All three bases at the same time? Check.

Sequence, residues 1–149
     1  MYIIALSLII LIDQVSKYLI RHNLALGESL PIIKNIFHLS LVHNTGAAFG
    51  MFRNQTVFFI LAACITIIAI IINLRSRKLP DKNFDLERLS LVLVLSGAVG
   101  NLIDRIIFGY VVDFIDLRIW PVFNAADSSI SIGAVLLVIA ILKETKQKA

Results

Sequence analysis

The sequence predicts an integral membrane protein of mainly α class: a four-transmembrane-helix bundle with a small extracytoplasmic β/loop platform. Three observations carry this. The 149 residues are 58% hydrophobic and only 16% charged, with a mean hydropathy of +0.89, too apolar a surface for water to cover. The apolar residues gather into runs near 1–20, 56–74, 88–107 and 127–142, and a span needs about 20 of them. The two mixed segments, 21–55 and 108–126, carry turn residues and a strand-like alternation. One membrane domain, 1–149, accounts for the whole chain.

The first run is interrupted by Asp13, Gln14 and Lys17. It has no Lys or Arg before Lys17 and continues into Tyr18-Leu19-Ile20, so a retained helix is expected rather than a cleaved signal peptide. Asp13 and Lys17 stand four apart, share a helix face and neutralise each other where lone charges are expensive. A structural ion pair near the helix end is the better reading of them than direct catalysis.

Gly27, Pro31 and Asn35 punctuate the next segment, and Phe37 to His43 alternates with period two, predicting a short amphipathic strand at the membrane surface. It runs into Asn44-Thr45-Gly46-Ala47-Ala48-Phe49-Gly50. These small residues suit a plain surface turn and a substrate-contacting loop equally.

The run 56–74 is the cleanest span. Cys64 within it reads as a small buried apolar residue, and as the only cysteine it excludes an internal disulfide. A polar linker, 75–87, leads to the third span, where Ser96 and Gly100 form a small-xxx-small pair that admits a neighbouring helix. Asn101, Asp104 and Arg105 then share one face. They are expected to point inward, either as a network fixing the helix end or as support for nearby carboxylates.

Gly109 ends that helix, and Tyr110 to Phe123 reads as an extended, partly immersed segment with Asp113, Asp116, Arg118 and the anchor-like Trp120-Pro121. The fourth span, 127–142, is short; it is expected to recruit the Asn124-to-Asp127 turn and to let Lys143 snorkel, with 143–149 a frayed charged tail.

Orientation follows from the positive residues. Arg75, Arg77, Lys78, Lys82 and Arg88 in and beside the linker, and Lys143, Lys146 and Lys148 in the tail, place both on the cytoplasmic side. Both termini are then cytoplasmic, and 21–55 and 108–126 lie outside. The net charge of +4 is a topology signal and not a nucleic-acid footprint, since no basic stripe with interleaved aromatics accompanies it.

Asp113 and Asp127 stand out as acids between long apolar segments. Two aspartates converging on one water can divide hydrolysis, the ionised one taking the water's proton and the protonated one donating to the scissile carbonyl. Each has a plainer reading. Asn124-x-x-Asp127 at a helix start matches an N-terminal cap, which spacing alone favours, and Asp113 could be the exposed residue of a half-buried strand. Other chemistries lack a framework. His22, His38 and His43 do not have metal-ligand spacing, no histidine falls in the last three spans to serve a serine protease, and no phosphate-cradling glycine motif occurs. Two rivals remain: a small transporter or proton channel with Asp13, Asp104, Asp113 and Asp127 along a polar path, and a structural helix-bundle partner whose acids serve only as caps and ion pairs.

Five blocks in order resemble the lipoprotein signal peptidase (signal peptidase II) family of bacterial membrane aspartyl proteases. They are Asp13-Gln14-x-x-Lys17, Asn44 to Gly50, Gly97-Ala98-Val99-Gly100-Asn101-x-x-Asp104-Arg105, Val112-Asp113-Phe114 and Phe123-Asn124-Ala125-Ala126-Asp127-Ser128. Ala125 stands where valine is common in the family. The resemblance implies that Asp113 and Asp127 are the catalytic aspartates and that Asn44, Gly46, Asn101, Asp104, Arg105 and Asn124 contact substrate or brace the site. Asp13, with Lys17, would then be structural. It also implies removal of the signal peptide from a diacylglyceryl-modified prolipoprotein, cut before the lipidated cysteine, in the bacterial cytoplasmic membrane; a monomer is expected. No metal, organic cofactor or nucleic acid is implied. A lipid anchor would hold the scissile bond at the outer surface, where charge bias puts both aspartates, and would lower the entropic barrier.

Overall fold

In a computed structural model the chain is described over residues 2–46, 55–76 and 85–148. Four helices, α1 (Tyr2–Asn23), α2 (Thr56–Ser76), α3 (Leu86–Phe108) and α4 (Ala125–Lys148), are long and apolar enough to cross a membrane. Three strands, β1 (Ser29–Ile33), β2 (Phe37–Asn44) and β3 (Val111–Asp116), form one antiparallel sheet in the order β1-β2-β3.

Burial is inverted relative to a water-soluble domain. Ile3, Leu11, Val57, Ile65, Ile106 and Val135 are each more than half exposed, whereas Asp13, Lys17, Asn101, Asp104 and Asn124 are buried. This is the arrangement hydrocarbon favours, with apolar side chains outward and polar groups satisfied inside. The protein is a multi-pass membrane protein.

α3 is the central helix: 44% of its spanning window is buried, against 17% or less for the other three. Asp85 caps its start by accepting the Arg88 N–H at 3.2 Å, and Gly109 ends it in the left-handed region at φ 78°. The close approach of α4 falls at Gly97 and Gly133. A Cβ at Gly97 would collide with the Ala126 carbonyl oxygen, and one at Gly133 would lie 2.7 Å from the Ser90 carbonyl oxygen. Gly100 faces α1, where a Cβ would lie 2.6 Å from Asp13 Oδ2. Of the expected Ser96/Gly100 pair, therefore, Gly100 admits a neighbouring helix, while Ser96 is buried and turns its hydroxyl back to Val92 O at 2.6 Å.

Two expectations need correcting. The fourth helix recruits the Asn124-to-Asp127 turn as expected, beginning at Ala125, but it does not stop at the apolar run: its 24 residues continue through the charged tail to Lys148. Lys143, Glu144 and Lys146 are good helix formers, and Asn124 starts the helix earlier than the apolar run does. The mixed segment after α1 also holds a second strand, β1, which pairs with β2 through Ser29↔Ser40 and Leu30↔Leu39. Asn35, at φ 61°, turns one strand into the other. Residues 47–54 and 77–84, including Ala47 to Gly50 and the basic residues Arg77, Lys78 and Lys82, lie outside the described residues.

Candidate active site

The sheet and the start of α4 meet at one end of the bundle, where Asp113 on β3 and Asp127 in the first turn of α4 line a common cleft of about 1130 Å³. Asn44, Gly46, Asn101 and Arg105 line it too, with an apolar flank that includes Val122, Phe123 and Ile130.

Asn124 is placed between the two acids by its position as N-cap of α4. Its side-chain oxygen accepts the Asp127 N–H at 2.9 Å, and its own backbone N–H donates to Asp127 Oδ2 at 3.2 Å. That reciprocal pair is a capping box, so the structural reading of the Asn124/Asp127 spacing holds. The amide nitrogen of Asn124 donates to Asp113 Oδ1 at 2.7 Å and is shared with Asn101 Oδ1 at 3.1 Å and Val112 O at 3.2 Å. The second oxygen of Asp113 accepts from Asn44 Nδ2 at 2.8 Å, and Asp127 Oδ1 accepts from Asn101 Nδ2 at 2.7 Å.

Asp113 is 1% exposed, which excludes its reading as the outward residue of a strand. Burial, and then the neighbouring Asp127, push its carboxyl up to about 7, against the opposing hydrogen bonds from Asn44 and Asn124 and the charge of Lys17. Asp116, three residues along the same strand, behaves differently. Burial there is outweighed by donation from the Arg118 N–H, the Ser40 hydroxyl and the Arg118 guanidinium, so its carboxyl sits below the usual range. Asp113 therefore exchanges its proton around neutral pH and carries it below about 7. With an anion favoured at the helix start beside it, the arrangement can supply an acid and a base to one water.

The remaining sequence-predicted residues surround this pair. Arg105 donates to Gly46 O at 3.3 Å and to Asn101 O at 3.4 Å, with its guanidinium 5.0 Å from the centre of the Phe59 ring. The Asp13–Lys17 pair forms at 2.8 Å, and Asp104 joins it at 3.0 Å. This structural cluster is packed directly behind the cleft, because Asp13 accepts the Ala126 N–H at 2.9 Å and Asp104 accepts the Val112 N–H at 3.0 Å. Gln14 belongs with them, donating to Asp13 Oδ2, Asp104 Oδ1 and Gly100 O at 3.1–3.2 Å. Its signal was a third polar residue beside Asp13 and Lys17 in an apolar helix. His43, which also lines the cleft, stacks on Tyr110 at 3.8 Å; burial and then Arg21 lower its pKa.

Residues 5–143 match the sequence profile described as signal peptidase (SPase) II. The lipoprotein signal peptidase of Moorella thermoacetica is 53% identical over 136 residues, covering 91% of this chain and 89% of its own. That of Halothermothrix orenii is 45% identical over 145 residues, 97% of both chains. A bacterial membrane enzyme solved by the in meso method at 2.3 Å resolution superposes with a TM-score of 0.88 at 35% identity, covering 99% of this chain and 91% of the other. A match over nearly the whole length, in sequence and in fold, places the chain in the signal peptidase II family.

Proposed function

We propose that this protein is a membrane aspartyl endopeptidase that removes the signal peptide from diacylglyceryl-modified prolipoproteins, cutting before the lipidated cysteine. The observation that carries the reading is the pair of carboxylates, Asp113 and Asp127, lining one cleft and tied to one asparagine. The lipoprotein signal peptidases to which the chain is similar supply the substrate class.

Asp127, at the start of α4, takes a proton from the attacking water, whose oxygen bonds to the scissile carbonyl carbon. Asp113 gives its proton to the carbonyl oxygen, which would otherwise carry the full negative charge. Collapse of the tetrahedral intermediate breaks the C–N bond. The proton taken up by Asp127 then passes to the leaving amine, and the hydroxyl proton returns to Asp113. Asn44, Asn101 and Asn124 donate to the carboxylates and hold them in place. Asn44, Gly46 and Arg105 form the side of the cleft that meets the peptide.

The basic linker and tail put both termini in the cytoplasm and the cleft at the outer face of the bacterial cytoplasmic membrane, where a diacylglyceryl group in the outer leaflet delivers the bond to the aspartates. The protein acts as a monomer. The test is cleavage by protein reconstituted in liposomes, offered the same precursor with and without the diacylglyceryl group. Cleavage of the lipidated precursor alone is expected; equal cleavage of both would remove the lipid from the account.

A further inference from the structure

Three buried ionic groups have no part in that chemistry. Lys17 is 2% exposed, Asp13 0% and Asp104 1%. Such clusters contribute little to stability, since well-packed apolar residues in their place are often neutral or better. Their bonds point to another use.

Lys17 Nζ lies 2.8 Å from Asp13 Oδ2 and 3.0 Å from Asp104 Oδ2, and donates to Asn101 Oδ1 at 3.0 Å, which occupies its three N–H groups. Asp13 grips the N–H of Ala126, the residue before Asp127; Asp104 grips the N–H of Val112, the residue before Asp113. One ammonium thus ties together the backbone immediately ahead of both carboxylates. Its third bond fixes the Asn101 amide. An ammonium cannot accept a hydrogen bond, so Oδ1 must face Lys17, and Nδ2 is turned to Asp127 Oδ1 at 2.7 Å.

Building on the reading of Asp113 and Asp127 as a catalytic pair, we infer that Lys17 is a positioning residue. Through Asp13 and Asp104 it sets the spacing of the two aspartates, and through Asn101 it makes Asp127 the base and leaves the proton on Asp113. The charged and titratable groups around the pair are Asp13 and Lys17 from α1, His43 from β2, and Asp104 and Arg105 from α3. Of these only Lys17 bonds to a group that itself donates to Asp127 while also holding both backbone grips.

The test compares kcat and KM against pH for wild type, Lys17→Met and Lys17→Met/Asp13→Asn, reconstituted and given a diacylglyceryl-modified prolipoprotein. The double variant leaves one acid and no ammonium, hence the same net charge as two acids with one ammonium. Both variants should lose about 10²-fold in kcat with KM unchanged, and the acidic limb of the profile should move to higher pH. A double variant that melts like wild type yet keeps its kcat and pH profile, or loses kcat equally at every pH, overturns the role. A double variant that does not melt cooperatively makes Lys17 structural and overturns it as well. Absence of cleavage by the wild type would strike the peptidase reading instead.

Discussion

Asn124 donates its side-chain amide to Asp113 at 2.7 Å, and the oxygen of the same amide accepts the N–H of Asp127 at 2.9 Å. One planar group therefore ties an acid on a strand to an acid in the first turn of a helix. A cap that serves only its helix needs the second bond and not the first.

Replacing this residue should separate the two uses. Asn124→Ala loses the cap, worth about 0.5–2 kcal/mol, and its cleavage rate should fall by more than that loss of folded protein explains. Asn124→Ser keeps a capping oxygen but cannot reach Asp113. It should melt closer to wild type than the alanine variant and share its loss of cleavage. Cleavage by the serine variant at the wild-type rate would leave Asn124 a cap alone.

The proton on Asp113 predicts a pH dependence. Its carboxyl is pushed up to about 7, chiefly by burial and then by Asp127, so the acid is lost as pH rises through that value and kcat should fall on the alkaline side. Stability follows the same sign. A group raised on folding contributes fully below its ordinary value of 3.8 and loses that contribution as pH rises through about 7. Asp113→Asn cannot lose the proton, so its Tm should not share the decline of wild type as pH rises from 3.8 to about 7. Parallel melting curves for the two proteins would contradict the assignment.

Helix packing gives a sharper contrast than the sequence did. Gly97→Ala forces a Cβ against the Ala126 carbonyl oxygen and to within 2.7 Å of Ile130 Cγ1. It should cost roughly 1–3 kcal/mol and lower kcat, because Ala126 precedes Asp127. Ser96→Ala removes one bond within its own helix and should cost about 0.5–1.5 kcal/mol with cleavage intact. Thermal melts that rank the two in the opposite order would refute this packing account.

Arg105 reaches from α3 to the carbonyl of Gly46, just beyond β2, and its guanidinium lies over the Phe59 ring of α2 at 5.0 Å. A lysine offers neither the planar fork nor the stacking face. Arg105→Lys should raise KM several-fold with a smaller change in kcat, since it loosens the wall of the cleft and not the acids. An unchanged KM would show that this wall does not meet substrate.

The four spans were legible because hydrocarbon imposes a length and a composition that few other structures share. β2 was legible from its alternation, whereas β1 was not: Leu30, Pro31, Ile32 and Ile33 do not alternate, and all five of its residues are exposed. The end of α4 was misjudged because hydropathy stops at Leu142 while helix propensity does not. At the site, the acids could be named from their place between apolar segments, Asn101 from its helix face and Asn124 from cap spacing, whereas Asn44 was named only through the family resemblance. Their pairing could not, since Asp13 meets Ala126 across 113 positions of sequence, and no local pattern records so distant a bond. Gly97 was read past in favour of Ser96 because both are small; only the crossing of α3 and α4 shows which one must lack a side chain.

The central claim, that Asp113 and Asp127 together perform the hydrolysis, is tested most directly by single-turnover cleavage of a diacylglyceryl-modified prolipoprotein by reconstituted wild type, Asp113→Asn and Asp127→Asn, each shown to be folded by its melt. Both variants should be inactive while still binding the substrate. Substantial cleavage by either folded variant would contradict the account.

If you’ve ever needed to know the result of integer calculations in Binary, Decimal or Hexadecimal notation, all at once, look no further. The calculator allows values to be entered in any of the three base formats (Base2 - Binary, Base10 - Decimal or Base16 - Hexadecimal) making the calculation of 10 + 10 + 10 = 28! [This would be entered as 10b + 10d = 12 + 10h = 28d] The calculator displays all three base formats at once, with the top line showing 16bit Binary, and the bottom line being shared between Decimal and Hexadecimal. The base format can be changed on the fly, completely at will, during any part of the data entry. Whichever base mode is active is displayed and only the relevant key values for the active mode are allowed, so in Binary, only the ‘1’ and ‘0’ keys can enter values, for Decimal ‘0’ to ‘9’ and for Hexadecimal ‘0’ to ‘F’. The calculator can perform simple Logical calculations such as ‘And’, ‘Or’, ‘Xor’ and ‘Not’. The display can be set to ‘Animate’ the calculations which is very entertaining, but very, very slow as each step in the calculation is shown using very basic arithmetic. 1541 + 6543 would take 6543 steps to calculate as 1 is added to 1541 then displayed, 1 added to 1542 - displayed, 1 added to 1543 ... and so on for a total of 6543 times before the answer is finally displayed. Fun, but slow! Initially the calculator will perform calculations using 16bit, (unsigned) integer maths. This gives a maximum value of 65535d, FFFFh or 1111111111111111b. Any values greater than this simply overflow and start again from zero. 65535d + 2d = 1d. If you don’t need to see the binary values, it can be switched to use 32bit (unsigned) integer maths where the maximum value is 4,294,967,295d or FFFFFFFFh. The choice is yours. I have a few PCBs available and can supply programmed processors, if you are interested, drop me an email.

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